Better then Ny Style; SF Sourdough Pizza
Do you long for the thin, chewy, wonderful
goodness that is New York style pizza dough? Well, too bad, because
most of us don’t live in New York. However, that doesn't mean that you
can't make a comparable and even “gasp” better pizza dough. The key
to good dough is trial and error, mixed with a little knowledge, careful
measurement and careful records of the steps taken.
Assuming that you already have a vibrant
sour-dough starter, your first step is to get it activated by feeding
it. Google the Sourdough FAQ for more information.
Once your sourdough is ready, take
about ¾ of your flour and mix it with your water and sourdough starter
and let it sit for about 20-25 minutes. This pre-hydration process is
called autolysis and it allows for better links between gluten and starches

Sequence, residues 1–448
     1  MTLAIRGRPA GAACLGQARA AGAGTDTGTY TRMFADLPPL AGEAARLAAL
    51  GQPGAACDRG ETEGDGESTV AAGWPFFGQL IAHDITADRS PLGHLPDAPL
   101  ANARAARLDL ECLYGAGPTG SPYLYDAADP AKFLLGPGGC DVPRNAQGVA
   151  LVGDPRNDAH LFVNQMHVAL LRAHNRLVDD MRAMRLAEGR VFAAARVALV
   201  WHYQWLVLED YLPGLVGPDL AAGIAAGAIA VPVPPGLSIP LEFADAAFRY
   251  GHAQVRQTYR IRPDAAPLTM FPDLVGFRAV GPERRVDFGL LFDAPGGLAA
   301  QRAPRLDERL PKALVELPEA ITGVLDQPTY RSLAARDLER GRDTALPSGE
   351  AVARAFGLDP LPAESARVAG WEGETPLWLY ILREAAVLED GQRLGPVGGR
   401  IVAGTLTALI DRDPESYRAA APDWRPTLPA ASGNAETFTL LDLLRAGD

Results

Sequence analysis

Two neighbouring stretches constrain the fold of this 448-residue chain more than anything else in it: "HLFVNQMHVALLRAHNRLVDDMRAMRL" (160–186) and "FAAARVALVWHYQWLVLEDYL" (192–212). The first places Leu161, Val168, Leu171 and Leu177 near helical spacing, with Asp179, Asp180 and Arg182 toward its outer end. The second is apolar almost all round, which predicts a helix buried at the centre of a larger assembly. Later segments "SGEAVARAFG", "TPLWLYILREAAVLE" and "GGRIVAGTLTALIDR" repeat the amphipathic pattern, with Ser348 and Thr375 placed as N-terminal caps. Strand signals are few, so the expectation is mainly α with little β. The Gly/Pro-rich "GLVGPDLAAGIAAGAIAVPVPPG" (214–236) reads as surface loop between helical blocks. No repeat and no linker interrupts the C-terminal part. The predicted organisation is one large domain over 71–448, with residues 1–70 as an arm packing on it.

and results in shorter mix times and improved dough extensibility. In
practical terms, it makes for chewier dough.
After 20 minutes, you can add the
salt, other ingredients and the rest of your flour. As you mix these
ingredients, a dough ball should begin to form. Kneed this ball for
about 15 minutes by hand or until you are tired. Alternatively, throw
this in the good old standing mixer for about 5 minutes and you’re done.
Once the dough is done, you need to
let it rise. I generally use a small amount of olive oil to coat a bowl
and then cover loosely with cling-wrap. Some are opposed to using a
lot of olive oil, but I am not trying to win a contest here, just trying
to keep my dough from sticking to the bowl. The amount of time you let
your dough rise will depend upon your kitchen’s temperature. I usually
let my dough rise until it is double in size or about 3 hours.
When making pizza dough, my best advice
is to experiment and record the results. Once you have a dough that
you like, replicate it and keep experimenting. For ideas on dough recipes,
check out our dough recipes. Bon Appetite!!!
Once you have perfected your sourdough
pizza dough you can use it in a ton of different pizza